Time and Place: 1861: The Coming of the American Civil War

  • 15 credits
  • Spring Teaching, Year 2

In this module you explore the causes of the American Civil War.

You study:

  • President Polk's decision to go to war against Mexico in 1846
  • the Compromise of 1850
  • the demise of a national party system that had held the Union together since the 1830s
  • the rise of North-South tensions in the wake of the Kansas-Nebraska Act
  • the sources of southern proslavery nationalism in the 1850s
  • the rise of the antislavery Republican Party
  • the South's response to Lincoln's election.

Time and Place: 1938: Kristallnacht

  • 15 credits
  • Spring Teaching, Year 2

During the night of 9 November 1938, SS and SA forces launched an assault on German Jews, their property, their synagogues, and their businesses. This so-called ‘Kristallnacht’ can be understood as a violent rehearsal for the Holocaust, which Nazi Germany implemented three years later. It also marks the end of over a century of a prolific and (mostly) peaceful co-existence between Jews and Christian non-Jews.

In this module, you learn about the relationship between Jews and Christian non-Jews since the early 19th century. You look at the complex processes of political emancipation, of social integration, and of cultural adaptation through which Jews became an integral part of the German political, social and cultural life. At the same time, these processes changed Jewish religious, economic, social and cultural life.

You'll focus on the period from the mid-19th century to the beginning of the Holocaust, emphasising Jewish life in Imperial and Weimar Germany, as well as under Nazism. You'll discuss issues of Jewish identity along with aspects of modern anti-Semitism.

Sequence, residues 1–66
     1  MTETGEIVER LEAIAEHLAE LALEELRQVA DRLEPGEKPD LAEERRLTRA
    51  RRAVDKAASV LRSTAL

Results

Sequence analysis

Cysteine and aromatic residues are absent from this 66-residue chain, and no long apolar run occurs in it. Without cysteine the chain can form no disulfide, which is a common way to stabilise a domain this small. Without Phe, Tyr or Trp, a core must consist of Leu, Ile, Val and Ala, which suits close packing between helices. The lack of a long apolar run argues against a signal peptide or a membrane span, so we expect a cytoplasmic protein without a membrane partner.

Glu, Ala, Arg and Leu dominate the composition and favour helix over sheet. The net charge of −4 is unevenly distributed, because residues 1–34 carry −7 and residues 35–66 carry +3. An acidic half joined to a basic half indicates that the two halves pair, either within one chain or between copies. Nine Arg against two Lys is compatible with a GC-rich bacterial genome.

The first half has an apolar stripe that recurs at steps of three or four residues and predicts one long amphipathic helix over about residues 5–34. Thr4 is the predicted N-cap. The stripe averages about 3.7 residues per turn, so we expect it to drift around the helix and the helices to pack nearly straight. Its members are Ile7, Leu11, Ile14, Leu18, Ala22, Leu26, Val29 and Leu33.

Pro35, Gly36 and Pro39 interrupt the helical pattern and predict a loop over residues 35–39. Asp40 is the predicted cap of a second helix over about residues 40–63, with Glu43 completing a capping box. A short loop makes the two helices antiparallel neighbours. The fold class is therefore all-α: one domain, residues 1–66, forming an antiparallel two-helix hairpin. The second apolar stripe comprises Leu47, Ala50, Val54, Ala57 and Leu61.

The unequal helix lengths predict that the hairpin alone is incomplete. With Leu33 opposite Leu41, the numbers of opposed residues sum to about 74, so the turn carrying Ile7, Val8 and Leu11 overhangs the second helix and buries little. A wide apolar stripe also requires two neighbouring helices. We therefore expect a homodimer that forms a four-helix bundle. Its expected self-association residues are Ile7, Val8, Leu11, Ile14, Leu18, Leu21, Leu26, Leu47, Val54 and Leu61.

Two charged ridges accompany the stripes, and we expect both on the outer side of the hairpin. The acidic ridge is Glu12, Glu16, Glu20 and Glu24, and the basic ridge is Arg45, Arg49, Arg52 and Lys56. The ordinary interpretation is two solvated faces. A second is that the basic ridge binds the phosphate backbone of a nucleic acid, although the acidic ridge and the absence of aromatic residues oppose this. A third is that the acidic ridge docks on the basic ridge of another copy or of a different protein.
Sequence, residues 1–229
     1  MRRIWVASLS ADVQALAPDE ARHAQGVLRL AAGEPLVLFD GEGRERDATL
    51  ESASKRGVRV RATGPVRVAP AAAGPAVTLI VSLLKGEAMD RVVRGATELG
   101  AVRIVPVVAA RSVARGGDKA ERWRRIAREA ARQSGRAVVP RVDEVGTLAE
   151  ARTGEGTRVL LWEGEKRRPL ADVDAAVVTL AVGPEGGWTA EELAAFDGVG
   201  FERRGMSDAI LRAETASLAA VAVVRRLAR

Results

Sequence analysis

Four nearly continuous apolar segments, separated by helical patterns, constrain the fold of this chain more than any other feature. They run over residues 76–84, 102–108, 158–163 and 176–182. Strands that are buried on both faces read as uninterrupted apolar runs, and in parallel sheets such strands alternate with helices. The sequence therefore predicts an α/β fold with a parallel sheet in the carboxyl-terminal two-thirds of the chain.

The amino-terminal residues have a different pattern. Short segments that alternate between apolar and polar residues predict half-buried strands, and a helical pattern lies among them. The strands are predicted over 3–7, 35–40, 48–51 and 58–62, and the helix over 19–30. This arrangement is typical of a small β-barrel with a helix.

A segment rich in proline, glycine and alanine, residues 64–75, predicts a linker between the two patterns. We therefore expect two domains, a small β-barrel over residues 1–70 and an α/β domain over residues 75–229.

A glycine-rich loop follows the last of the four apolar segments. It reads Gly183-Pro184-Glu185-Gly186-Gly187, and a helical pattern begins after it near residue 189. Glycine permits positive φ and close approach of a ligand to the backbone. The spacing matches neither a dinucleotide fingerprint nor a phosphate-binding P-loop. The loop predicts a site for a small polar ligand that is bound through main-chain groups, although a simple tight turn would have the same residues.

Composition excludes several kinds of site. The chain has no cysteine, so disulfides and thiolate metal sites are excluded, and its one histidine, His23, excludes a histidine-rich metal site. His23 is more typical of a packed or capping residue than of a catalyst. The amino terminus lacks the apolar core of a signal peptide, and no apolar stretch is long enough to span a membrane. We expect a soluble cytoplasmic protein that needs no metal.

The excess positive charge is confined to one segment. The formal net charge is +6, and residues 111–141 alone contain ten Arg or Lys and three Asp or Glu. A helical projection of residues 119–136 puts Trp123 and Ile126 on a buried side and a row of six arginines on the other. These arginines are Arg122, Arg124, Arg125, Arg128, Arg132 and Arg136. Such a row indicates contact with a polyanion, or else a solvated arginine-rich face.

Time and Place: 1942: Holocaust

  • 15 credits
  • Spring Teaching, Year 2

This module offers an opportunity to study the attempt by the Nazis to create a new world order by annihilating the Jews of Europe and targeting other groups – including gay people, gypsies and people with disabilities – for discrimination and death. It provides a multilayered examination of the transition from prejudice to exclusion, to extermination, placing the Holocaust within the broader conceptual framework of genocide in the 20th century. 

The module will consider issues such as: how was the so-called 'Final Solution to the Jewish problem' put into effect? Why is 1942 a key year in the development of the Final Solution? What part was played by the perpetrators across occupied Europe? It will deal with the reaction of the victim, and explore possibilities of resistance. It will ask whether is it accurate to characterise most people as bystanders, and will discuss the rescue options. The module will also deal with question of justice and memory.